By Deb Murphy
The first few hours of Wednesday’s Technical Group meeting continued the verbal wrestling match between Inyo County and the Los Angeles Department of Water and Power over a proposed two-month pumping test on Five Bridges’ W385. Then came the question of the department providing water to three landfill sites as a new enhancement/mitigation project.
Inyo has begun condemnation proceedings on the sites, an action that drew a lawsuit from the City. The condemnation includes water rights. LADWP raised the possibility of the new E/M project at the last Tech Group meeting, a suggestion that wasn’t immediately embraced by Inyo’s Water Department.
The 8-page description of the possible project was handed out at the meeting as the department’s attorney, Dave Edwards, began the discussion. Apparently, an attempt to e-mail the document earlier Tuesday morning failed. Edwards admitted the Long Term Water Agreement was ambiguous on the topic of adding E/Ms. Bringing the issue to the Tech Group seemed to be a courtesy.
Then Inyo CAO Kevin Carunchio jumped into the discussion. “This isn’t mitigation,” he said as he leafed through the document. “But, where’s the enhancement? All I see are a couple of bullets.”
Edwards’ response: $100,000 for fencing, reliable water for the sites and a replacement well at the Bishop site. One issue with landfill water as an E/M project is the fact LADWP has historically pulled back on E/M water during low run-off years.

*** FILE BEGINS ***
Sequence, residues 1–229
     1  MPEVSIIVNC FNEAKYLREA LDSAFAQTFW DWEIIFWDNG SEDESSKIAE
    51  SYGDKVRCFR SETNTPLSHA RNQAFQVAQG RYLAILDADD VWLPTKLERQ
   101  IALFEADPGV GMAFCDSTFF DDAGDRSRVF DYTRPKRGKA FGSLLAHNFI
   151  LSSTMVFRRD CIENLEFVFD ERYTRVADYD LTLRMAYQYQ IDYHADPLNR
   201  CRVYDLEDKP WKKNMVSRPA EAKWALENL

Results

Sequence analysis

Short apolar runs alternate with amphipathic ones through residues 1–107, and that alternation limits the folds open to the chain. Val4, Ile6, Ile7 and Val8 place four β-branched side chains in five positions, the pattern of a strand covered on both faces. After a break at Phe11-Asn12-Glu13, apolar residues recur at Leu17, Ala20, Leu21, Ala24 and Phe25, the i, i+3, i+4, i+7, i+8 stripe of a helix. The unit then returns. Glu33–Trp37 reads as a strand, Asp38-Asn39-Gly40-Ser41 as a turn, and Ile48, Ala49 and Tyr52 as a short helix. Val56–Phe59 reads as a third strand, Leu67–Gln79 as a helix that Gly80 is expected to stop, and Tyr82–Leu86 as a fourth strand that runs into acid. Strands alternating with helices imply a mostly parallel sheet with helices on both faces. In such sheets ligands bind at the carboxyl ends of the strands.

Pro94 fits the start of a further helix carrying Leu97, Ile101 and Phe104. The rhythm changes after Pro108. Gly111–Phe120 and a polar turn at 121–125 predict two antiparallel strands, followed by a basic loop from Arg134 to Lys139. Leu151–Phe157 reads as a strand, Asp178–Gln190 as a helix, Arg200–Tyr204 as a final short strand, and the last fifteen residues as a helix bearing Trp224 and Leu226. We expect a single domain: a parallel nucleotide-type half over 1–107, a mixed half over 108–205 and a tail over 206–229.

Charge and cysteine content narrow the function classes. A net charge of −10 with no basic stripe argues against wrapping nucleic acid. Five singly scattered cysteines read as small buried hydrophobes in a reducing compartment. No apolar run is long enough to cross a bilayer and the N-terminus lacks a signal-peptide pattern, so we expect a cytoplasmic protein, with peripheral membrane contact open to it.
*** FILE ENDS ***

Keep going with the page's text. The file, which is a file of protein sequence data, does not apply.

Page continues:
“We’re not opening the E/M door,” Edwards said in reference to a remark made by Carunchio when the topic was broached last month.
But Carunchio still blew the hinges off the door, running through a list of possible projects: an independent source of water for the Lone Pine FFA farm, the Bartell parcel in Big Pine, golf courses, county parks and campgrounds, Mono County ranch lessees get a water guarantee, the Veterans’ Path in Big Pine, completion of the Bike to School path in Bishop, open the Haiwee reservoir to the public, the Owens Water Trail, the County Farm in Big Pine and an increase from three to five acre-feet for Inyo reservations.
Carunchio asked if anyone in attendance had suggestions for new E/M projects. Earl Wilson recommended water to an area in Lone Pine, the site of a tree with historical significance. As a way to define the concept, Carunchio explained to LADWP staff. “The tree is like the Roosevelt Pine in Big Pine,” he said. “But it’s dead.”
After Carunchio’s litany, Aqueduct Manager Jim Yannotta broke the silence: The County has to assume full responsibility for any new E/M projects, all of which have to be water neutral.
Regardless of the Tech Group discussion, LADWP staff will make the recommendation to the Standing Committee, scheduled for April 9.
Rewind to the on-going saga of the pumping test on W385.
This time Edwards led LADWP’s discussion—in essence trying to get the County to say it had developed the monitoring plan jointly with the department.
There were other issues woven into the discussion: Was the question focused on the monitoring plan “in compliance with the Long Term Water Agreement,” or “with Section Vi of the Long Term Water Agreement;” the agreement doesn’t outline procedures for modified wells, so did LADWP refer to 385 as a “new” well in order to have a defined procedure or to sever it from failed mitigation obligations?
Water Department’s Aaron Steinwand tried to clarify the issue: the binding mitigation plan for Five Bridges calls for a permanent off status on both W385 and 386. “That has to be changed,” he said.
During breaks in the Tech Group meeting, the meeting attendees focused on the ramifications of the County agreeing to the statement. One theory: if Inyo admits to “jointly” developing the monitoring plan for the well test, it would imply a tacit agreement with the well test procedure and, perhaps, the test itself.
The only sure thing: this agenda item will keep coming back, perhaps forever.